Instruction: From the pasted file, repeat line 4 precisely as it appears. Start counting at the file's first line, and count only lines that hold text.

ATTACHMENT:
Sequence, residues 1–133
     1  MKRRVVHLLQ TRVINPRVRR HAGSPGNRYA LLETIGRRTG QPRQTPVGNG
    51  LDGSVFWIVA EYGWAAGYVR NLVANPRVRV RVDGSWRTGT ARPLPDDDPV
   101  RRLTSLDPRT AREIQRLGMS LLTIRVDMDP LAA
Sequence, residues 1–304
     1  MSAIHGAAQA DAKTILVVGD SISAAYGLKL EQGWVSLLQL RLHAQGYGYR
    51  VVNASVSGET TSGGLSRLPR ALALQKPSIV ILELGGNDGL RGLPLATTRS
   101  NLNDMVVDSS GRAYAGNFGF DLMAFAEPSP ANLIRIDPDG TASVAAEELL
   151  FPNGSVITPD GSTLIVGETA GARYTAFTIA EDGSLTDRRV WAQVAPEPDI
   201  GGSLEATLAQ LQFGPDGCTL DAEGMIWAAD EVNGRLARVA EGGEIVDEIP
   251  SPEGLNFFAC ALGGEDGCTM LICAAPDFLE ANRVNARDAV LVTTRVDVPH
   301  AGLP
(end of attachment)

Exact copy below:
   101  RRLTSLDPRT AREIQRLGMS LLTIRVDMDP LAA